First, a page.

John L. Flannery, who will take over as the new CEO of General Electric on August 1 is unlikely to initiate any dramatic changes in GE’s business strategy, but will step up its focus on digital technologies, according to John Rice, the company’s vice chairman. Flannery, 55, will succeed current chairman and CEO Jeffrey Immelt, and will become chairman in January 2018. His goals for GE will be consistent with the strategy changes Immelt’s team made in recent years, which included an exit from financial services, and major acquisitions and alliances, Rice said.
Flannery joined GE Capital in 1987 and held a succession of roles in Latin America, Asia-Pacific and India before his current role as president and CEO of GE Healthcare, an $18 billion business. Rice, who heads GE’s global operations from Hong Kong, shared his thoughts with Knowledge at Wharton on how GE’s operations in Asia could change under Flannery, at the Wharton Global Forum held in June in Hong Kong.
An edited transcript of the conversation follows.
Knowledge at Wharton: Your company very recently got a new CEO and a new chairman. Since you are running a lot of GE’s Asian operations, what will the new leadership mean in terms of a changing strategy in Asia?
John Rice: At face value, [it changes] nothing. I look at our leadership team – Jeff [Immelt], and the senior leaders of the company. Their fingerprints are on everything that we do. So, on Day One, I don’t think John Flannery will make an abrupt change to anything. Over time, he will think about the world, his knowledge of the businesses, and his perspective. That will begin to influence what we do. But not in a big, dramatically different way. Jeff has put a different portfolio together than we had in the 1980s and 1990s.
“On Day One, I don’t think John Flannery will make an abrupt change to anything.”
Knowledge at Wharton: He got rid of what got GE into trouble during the 2008 financial crisis.
Rice: And the world changed, right? The GE model worked so well in the 1980s and 1990s – a combination of industrial and financial businesses, a [stock] market that was willing to pay full value for all those earnings. After the global financial crisis, everything changed. That model was not really well-accepted. So, we, with Jeff’s leadership and the support from the board, completely changed the face of the company, [getting] out of financial services, and putting more of that capital into high technology infrastructure businesses.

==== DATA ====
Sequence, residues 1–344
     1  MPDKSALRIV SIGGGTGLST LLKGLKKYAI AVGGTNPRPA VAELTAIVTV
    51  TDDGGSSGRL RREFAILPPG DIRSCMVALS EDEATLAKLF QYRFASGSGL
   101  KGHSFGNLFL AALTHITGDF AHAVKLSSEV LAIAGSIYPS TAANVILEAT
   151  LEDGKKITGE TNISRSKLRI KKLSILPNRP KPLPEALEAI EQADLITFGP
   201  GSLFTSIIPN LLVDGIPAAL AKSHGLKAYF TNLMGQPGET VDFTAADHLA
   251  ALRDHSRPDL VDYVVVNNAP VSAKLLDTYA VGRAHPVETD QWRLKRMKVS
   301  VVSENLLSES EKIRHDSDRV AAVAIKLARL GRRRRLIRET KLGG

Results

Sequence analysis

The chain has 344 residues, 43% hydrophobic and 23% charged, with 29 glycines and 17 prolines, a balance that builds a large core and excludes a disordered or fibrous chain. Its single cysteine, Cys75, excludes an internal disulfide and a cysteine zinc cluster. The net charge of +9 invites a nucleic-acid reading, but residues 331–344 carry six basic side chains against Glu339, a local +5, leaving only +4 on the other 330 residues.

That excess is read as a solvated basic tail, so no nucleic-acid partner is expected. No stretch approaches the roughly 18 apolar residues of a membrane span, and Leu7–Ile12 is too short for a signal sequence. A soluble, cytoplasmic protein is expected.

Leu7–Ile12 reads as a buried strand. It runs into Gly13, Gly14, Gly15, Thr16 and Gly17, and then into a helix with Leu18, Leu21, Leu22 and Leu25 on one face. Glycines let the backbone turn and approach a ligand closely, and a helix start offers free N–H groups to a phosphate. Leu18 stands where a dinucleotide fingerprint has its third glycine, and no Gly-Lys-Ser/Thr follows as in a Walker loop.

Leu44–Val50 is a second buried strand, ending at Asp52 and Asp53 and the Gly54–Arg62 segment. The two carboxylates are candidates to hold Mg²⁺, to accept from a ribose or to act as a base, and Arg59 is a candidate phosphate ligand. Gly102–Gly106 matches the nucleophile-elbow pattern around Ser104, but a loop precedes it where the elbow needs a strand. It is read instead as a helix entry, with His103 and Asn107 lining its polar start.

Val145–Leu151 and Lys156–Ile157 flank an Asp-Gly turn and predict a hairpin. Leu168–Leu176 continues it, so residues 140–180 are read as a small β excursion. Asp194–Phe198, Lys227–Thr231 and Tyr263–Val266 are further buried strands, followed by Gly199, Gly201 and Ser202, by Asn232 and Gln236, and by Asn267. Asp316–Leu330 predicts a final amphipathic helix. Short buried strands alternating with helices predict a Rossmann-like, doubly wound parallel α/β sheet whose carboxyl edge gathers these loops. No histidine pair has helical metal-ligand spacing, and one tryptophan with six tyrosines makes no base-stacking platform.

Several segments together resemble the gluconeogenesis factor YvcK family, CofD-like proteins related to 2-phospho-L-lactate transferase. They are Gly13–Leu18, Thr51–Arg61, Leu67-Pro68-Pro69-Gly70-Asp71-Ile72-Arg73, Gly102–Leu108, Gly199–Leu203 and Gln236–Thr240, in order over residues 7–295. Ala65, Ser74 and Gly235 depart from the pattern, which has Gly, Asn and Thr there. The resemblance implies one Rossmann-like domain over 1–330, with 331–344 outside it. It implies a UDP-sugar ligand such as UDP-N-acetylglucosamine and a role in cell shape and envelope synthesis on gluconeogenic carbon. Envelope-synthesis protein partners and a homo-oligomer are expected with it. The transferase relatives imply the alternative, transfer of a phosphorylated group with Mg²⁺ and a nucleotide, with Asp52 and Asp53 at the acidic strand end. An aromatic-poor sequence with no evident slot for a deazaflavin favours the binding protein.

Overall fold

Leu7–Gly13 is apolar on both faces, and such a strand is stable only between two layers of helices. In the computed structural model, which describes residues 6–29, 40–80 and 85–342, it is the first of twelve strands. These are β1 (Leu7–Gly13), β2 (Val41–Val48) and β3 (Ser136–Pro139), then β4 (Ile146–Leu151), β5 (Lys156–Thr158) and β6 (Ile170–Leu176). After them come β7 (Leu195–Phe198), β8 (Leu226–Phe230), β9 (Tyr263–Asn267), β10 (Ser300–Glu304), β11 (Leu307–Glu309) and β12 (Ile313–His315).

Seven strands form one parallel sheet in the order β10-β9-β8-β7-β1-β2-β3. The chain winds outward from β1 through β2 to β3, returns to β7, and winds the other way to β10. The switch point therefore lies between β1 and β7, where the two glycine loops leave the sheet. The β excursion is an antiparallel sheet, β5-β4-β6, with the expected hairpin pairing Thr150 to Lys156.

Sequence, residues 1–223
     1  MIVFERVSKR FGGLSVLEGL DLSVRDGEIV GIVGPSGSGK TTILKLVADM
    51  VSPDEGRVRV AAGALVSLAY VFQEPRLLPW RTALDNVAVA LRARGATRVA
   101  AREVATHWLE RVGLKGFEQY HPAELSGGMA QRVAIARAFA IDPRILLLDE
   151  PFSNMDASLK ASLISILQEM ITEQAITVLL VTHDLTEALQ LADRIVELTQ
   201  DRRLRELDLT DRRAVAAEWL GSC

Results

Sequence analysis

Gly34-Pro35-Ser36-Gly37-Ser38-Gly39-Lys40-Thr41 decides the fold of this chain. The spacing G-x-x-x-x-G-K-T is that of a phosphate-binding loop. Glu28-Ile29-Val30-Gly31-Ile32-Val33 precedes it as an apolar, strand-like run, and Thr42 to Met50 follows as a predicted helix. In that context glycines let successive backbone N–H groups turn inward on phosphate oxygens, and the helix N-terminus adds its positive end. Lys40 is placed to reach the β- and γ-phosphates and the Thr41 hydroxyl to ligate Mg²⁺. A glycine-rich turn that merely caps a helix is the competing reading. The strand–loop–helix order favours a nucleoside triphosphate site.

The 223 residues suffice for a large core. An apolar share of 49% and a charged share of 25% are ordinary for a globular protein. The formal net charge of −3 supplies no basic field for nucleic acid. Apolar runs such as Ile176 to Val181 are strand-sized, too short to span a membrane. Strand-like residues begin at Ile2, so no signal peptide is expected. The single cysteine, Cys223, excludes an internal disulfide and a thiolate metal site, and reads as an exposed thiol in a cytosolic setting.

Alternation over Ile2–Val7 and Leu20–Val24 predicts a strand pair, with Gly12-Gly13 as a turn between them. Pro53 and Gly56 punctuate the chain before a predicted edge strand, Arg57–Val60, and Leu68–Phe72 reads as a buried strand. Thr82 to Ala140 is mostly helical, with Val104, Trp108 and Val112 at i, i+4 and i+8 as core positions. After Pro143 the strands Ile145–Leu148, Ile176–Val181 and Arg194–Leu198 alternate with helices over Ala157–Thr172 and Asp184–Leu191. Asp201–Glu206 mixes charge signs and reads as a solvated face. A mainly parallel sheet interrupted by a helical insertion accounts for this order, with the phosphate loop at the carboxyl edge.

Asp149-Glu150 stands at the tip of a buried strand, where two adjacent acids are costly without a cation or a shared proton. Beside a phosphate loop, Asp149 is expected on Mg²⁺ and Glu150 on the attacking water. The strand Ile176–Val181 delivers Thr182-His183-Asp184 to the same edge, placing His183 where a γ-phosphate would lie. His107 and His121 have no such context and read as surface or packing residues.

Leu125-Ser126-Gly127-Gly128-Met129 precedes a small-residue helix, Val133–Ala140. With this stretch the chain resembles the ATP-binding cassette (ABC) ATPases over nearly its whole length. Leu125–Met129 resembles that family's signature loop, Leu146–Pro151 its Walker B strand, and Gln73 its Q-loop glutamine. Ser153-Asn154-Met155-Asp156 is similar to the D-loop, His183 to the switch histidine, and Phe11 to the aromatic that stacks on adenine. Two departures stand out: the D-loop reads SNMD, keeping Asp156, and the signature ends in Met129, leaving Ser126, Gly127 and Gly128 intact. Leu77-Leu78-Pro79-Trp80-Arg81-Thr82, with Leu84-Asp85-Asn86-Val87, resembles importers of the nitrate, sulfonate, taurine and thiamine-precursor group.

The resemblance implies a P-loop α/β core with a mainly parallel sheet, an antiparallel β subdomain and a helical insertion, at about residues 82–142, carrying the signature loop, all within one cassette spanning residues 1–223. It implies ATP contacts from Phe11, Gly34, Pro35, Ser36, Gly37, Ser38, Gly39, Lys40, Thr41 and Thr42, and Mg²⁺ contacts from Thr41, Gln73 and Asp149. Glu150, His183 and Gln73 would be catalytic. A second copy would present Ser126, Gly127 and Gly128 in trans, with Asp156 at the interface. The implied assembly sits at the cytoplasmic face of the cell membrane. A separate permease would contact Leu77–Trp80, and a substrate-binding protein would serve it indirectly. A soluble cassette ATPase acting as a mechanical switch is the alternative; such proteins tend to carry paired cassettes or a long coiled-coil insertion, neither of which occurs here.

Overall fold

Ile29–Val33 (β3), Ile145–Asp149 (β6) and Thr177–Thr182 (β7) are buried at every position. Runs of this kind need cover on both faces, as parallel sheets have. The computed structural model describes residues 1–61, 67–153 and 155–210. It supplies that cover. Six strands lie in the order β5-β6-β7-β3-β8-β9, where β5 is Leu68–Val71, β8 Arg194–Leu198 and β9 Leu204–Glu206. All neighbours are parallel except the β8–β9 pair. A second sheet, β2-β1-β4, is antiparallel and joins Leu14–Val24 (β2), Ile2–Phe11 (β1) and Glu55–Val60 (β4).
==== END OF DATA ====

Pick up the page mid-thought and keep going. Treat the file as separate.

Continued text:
Knowledge at Wharton: I understand that a lot may not change quickly. A lot of your projects are long-term. But you’re talking now about 3D printers, and your commercials are about digital technology and how fast the world is changing. There must be some [aspects of your business] that are likely to at least shift a bit.
Rice: Things will change. But I don’t think they’re necessarily going to change because John Flannery’s perspective is radically different than Jeff Immelt’s.
If you go back five years, we’ve changed a lot since then, just because Jeff and we have developed different perspectives. [Take] the importance of digital. That’s one of the other areas that we’ve really tripled down on. We were thinking about it, five, six years ago. But in the last five years, we have become even more focused.
Whether it’s the work that we did to exit the GE Capital businesses, the [November 2015] acquisition of Alstom (its power and grid business), or of Baker Hughes in the oil and gas business [in October 2016), those are all things that we weren’t thinking about five or six years ago. Now, we are, or have done that.
So, the world will change. We will change with it. And John’s leadership will be a big part of that. But it’s not going to be the only reason we do things differently.
Knowledge at Wharton: When you talk about digitalization and where it’s going, what are some of the specific products and services that you see becoming a bigger part of your business in that realm?
Rice: Our idea, at one level, is relatively straightforward. We have been designing, building, servicing and monitoring jet engines and gas turbines and locomotives, for decades. So, we have a ton of data and information, and the ability to extract that from these operating assets. What can you do with this deep domain knowledge and data that comes from 30,000 jet engines that are in flight every day, taking off and landing in all sorts of ambient conditions?